Building Bridges Across the Green Line

31 Mar 2005
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Summary

 

Building Bridges Across the Green Line

A Guide to Intercultural Communication in Cyprus

Available in English, Greek and Turkish

 

 

 

In Cyprus during the past two decades, the United Nations, the Cyprus Fulbright Commission, the American Embassy, other diplomatic entities, and various external NGOs have promoted citizen contact and co-operation across the buffer zone. These efforts have supported the work of local groups, helping to build a small but growing coalition of citizens trying to build ties across the dividing line. Simultaneously, officials in Greece and Turkey have encouraged exchanges between citizens and business groups.

 

In order to use these resources most effectively, all those involved in these activities need more assistance in understanding the intercultural dynamics that exist among the various parties and how these forces can affect the efforts of groups trying to work together.

 

This project aimed to develop a guide to intercultural communication for those involved in a broad range of exchange activities in Cyprus, Greece and Turkey in order to promote more effective communication and more productive working relationships across community and national lines.

 

The project focused on developing guidelines for individuals, business, community groups, NGOs, diplomats and others who engage in, promote or help facilitate bi-communal contacts in Cyprus or bi-national contacts between Greece and Turkey.

 

A series of one-day preparatory seminars, one each in Greece, Turkey and the Greek Cypriot and Turkish Cypriot communities, was held for 8-10 participants. In these seminars, participants explored the perceptions they hold of the other parties in the conflict and the obstacles they perceive in engaging in cooperative projects with the other community.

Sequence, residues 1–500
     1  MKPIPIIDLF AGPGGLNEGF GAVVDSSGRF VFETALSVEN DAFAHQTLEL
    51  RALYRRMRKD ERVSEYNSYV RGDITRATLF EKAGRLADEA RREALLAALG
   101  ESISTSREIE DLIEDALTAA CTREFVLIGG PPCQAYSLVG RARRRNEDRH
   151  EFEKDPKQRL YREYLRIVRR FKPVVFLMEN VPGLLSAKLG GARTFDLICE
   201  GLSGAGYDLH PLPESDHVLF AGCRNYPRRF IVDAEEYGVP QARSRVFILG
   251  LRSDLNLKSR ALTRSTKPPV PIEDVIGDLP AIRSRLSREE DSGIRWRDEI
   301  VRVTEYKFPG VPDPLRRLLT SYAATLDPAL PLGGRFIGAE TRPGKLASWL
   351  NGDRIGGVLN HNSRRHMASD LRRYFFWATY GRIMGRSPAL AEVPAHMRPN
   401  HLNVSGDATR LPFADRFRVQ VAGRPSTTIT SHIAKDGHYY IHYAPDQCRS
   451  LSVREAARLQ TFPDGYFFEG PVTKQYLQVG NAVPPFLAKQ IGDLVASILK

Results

A four-day seminar was then organised in Belgium, to which six people from each of the four preparatory seminars were invited. This seminar was designed to allow participants to explore the factors that constrain effective co-operation among the parties to the conflict in Cyprus.

 

The book was printed and distributed in Cyprus, Greece and Turkey to NGOs, groups, organisations and individuals with experience and/or potential involvement in bi-communal and bi-national activities.

Highlights

  • Why perceptions are important and how they affect bi-communal interaction
  • How the best of intentions can go awry because of misunderstandings and misinterpretations of one side by the other
  • How do Greek Cypriots see Turkish Cypriots and vice versa? How do they see themselves?
  • Effective communication in a bi-communal setting: keys to success